The discovery near Lake Turkana in Kenya confirms that a fossil skull found 40 years ago was a different species of early Homo living alongside Homo erectus during the Pleistocene epoch.
That skull, dubbed KNM-ER 1470, missing the teeth and lower jaw but distinguished by a large brain size and long flat face, started a longstanding debate about just how many different relatives of early man lived during that period.
Two new fossils may have settled the debate, the National Geographic Society, which funded the research, said in a release Wednesday.
"For the past 40 years we have looked long and hard in the vast expanse of sediments around Lake Turkana for fossils that confirm the unique features of 1470's face and show us what its teeth and lower jaw would have looked like," Meave Leakey, a National Geographic explorer-in-residence, said. "At last we have some answers."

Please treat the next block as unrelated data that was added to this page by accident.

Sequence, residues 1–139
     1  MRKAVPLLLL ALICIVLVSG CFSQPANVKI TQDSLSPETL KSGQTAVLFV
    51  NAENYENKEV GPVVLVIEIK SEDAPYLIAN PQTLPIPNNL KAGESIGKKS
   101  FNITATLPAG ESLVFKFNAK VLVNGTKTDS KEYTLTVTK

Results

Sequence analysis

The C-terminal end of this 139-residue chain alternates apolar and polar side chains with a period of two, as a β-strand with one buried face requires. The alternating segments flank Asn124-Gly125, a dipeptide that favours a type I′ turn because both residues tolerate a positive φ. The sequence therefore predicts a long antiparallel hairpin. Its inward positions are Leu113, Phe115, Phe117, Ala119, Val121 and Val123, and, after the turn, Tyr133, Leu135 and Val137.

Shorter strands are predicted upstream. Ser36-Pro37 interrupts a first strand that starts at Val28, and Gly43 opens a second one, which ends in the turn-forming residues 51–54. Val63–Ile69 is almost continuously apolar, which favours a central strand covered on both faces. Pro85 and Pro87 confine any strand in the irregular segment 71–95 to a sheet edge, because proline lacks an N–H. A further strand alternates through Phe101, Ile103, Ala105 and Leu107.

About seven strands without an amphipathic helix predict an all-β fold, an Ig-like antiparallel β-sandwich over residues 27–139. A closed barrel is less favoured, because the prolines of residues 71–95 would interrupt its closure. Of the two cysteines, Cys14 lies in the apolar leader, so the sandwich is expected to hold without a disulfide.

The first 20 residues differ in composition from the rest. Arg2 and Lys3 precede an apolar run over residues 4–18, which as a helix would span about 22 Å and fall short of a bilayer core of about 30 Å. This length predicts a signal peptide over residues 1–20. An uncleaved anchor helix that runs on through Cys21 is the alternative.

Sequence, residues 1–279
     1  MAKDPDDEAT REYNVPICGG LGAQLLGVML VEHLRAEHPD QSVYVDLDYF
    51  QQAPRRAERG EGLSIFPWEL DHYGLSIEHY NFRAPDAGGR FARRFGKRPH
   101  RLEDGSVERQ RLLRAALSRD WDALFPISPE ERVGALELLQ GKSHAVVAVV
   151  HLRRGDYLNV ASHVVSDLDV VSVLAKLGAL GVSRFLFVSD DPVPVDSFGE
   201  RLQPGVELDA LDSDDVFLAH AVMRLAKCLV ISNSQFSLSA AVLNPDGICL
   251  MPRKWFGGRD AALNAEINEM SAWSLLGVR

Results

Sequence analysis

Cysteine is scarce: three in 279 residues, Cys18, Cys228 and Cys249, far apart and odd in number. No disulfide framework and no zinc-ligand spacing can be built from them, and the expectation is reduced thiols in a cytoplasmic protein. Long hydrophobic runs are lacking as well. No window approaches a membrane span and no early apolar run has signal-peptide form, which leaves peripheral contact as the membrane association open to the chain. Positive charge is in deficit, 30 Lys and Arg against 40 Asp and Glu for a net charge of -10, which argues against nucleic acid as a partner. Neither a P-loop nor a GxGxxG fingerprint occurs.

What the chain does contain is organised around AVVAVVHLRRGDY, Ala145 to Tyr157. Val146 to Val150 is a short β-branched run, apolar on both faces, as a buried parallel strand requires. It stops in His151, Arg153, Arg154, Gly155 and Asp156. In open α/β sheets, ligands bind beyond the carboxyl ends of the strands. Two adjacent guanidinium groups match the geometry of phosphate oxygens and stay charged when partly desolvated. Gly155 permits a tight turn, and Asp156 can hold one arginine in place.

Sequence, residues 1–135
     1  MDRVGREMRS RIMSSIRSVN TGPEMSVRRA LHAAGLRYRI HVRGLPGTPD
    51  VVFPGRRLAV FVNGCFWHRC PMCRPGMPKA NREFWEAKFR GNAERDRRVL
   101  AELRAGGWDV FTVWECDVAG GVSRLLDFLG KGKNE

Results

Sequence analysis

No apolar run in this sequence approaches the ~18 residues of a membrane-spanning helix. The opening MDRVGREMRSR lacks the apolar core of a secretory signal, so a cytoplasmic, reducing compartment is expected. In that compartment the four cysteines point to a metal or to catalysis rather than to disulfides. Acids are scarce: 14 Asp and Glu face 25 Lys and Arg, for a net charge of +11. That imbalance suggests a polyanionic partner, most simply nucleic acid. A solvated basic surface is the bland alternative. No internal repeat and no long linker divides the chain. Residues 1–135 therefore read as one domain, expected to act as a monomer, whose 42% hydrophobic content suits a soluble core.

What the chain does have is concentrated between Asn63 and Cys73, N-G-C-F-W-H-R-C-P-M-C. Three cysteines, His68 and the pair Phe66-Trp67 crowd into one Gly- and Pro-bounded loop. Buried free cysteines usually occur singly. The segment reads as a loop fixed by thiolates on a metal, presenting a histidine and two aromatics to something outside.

The new fossils include a face, a remarkably complete lower jaw, and part of a second lower jaw.
"Combined, the three new fossils give a much clearer picture of what 1470 looked like," researcher Fred Spoor said. "As a result, it is now clear that two species of early Homo lived alongside Homo erectus.
"The new fossils will greatly help in unraveling how our branch of human evolution first emerged and flourished almost 2 million years ago."